No progress is possible without investing in education and research, KU VC Khalid Iraqi.

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No nation can progress without investing in education and research. We have to look up at science and technology, research oriented culture and innovation policies for the success and prosperity of the country.

There is no shortcut to develop country’s economy and no progress is possible at all without giving priorities to education and research. These views were expressed by the Vice Chancellor, University of Karachi, Professor Dr Khalid Mahmood Iraqi, on Friday.

He was addressing at the inaugural ceremony of the three-day long second international conference on chemistry and its role in sciences. The conference was held at the Auditorium of Department of Chemistry, KU.

The KU VC Professor Dr Khalid Iraqi said that chemistry is one of the basic scientific disciplines and played very vital role in the development of mankind. As we all know about the importance of periodic table and how our lives changes after its invention.

He also said that this was very significant achievement in science and Russian chemist Dimitri Mendeleev discovered and arranged the chemical elements by atomic mass 150 years ago. To pay tributes to his services, this year is being observed as International Year of Periodic Table by United Nations Educational, Scientific and Cultural Organization and the chemistry department has also arranged this conference in this connection.

Meanwhile, Janusz Lipkowski of Cardinal Stefan Wyszynski University, Warsaw, Poland, shared that official history of micro – or nanoporous materials started about 70 years ago when Powell, based on his original crystallographic studies has introduced the term clathrate to describe spatial rather than chemical interactions between the components of the two – or multi-component materials.

He said that chemists, however, have known properties of the materials of the sort for quite long time before, starting with Sir Davy’s discovery of water clathrate of chlorine. X-ray crystallography served as the tool to rationalize the results previously known and has been the physical basis for enormous development of the field.
He expressed that concept of clathrate compound has been one of major discoveries in chemistry. Originally, it was concentrated on spatial fit between the host and guest components. Soon a physicochemical rationale for defining the stability conditions for clathrate formation was reported.

The conference secretary, Rafia Azmat, said that enhanced photochemistry is directly related to the enhanced photobiology of the plants which in turn proves that it is only the best possible solution of atmosphere gaseous pollution control. These new prospective of dual symbiosis used as innovative fungal engineering for Sustainable green environment.

The Chairperson, Department of Chemistry, KU, Dr Hajira Tahir said that rapid evolution of nanoscience and nanotechnology during the past few decades has demonstrated that nanotechnology holds the key role in many of the technological advancements of the 21st century in different sectors including pharmaceutical, electronic, energy, textile, coatings and paintings.

She further said that nanotechnology has emerged as a versatile platform that could provide efficient, cost-effective and environmentally acceptable solutions to the global sustainability challenges facing society today.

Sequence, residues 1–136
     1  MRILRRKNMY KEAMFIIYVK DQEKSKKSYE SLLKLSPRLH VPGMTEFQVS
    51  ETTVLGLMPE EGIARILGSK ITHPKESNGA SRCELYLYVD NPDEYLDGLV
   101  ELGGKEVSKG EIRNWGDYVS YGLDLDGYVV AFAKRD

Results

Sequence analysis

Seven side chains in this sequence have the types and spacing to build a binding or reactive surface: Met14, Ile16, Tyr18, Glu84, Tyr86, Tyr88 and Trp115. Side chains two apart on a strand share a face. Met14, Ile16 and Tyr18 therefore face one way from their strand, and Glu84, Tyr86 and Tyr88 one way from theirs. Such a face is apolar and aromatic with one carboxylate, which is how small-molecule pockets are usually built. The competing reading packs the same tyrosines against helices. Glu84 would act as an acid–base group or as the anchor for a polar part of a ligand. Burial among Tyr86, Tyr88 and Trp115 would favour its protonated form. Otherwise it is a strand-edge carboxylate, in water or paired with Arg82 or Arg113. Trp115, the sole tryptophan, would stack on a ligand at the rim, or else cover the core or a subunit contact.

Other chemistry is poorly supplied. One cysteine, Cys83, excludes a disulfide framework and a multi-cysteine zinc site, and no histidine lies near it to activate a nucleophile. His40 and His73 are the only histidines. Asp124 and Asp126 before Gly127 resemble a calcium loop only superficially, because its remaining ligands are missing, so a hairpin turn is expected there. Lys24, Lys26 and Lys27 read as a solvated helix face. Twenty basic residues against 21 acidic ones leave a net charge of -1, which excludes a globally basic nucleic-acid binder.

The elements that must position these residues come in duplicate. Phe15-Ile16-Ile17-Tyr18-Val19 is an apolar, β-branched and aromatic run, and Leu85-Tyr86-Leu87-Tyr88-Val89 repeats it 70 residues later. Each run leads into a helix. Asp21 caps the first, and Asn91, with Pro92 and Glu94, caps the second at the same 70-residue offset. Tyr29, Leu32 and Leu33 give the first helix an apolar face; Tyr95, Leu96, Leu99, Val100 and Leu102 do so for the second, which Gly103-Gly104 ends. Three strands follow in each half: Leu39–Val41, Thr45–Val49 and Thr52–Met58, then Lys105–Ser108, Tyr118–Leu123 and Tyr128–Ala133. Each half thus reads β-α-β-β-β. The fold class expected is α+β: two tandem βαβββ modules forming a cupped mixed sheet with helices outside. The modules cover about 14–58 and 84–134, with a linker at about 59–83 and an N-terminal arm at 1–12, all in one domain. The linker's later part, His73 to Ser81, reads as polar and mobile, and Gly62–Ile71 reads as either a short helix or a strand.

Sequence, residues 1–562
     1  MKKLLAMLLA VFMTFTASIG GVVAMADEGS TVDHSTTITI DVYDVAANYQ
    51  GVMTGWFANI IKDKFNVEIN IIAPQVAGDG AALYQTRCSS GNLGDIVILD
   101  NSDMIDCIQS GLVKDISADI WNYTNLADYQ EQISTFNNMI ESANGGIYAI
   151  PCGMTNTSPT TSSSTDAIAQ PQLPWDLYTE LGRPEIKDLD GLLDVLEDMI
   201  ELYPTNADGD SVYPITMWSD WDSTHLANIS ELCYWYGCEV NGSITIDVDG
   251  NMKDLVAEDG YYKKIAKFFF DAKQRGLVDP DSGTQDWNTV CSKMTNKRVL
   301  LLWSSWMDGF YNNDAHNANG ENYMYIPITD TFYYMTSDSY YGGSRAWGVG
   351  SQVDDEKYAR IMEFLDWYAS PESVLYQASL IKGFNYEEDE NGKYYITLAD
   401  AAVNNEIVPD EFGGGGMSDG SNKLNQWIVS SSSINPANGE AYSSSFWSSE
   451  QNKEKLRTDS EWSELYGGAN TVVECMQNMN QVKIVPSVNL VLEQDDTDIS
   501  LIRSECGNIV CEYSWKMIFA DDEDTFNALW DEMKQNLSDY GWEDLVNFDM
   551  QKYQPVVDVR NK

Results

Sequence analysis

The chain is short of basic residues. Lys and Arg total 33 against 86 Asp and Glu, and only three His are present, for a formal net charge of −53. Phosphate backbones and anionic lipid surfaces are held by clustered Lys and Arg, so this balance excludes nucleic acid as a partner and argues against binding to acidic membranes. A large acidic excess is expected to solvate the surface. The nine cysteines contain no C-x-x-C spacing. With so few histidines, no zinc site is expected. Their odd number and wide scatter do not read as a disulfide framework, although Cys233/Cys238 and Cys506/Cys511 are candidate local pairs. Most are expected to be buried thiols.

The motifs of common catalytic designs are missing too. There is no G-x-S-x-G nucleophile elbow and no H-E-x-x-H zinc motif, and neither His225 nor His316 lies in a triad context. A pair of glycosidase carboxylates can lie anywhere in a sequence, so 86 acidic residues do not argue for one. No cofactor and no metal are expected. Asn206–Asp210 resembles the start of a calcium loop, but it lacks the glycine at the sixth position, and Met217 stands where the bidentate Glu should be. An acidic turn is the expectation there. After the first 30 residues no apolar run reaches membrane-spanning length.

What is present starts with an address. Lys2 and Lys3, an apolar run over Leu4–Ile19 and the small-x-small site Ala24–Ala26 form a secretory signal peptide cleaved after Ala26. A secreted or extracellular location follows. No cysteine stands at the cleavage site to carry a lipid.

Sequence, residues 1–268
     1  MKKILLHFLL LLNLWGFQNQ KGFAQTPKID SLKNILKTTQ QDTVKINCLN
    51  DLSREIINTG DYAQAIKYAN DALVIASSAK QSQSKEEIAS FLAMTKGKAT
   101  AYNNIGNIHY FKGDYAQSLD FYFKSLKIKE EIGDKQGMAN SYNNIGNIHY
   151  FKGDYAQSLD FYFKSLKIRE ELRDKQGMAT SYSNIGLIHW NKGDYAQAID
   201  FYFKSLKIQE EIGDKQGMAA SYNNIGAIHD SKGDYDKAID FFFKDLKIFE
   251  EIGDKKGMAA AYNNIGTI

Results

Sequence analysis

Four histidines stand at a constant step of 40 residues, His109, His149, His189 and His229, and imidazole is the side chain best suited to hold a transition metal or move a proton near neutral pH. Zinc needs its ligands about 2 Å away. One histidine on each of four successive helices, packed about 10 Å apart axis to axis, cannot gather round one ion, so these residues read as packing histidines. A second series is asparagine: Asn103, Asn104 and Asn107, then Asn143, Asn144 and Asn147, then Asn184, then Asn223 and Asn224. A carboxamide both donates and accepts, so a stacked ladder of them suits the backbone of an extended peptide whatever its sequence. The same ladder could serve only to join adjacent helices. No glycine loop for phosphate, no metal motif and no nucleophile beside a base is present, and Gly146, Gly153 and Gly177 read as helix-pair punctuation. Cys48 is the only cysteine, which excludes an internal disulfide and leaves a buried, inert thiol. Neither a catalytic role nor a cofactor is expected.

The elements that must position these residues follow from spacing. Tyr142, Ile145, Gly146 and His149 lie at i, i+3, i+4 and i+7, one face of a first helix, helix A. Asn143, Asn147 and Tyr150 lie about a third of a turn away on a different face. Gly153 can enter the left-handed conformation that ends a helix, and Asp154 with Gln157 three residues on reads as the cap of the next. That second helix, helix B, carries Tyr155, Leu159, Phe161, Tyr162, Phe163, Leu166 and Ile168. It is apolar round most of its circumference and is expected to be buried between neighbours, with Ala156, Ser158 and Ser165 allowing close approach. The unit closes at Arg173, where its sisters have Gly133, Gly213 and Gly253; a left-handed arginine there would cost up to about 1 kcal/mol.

Dr Hajira added that novel materials with unique properties derived from their small size. For energy sector nanomaterials intervenes the energy flow that starts from primary energy sources and finishes at the end user. The non-renewable energy sources (oil, gas, coal and nuclear) can be solved by technological developments aimed at increasing efficiency and reduces emissions of renewable energy sources.

Another keynote speaker, Arif Kazmi from Georgia Gwinnett College, USA, said that world has been hooked on the use of fossil fuels for generation of energy for a long time. In recent times, the increasing numbers if consumers have adopted a lifestyle requiring ever greater demand for electric power consumption and fuel for mobility.

“Many countries including Pakistan do not have indigenous fossil fuel insufficient quantity to meet these demands. Besides use of fossil fuel for electric power generation and transportation leaves a carbon footprint which is affecting the climate in an adverse manner. Ever increasing air pollution, particularly in urban areas, is harmful to human health.”

He added that many approaches towards use of solar energy for splitting water molecules to produce hydrogen for use as fuel are underway in different parts of the world. They key to success would be finding photo catalysts which are inexpensive and have a high turnover number as well as photo stable.

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KU announces BCom Part II result.

The Controller of Examinations, University of Karachi, Professor Dr Arshad Azmi, on Friday announced the result of BCom Part-II, Annual Examination-2018.
He mentioned that 16, 230 candidates were registered of which 15, 766 students appeared in the exams. As many as 743 candidates managed to clear all papers with first division, 3, 274 students with second division and two candidates were declared pass in third division while 11, 747 students failed to clear their exams. The overall pass percentage was 25.49 percent.
Ayesha Nafees daughter of Muhammad Nafees, bearing seat number 520091, student of Sir Syed Government Girls College, clinched overall first position by obtaining 1091 marks out of total 1400 marks.

Meanwhile, Bushra d/o, seat number 520099, Sir Syed Government Girls College, bagged second with 1090 marks and Ramsha d/o Abdul Razzak, 520885, K. M. A. Girls Degree College stood third with 1082 marks.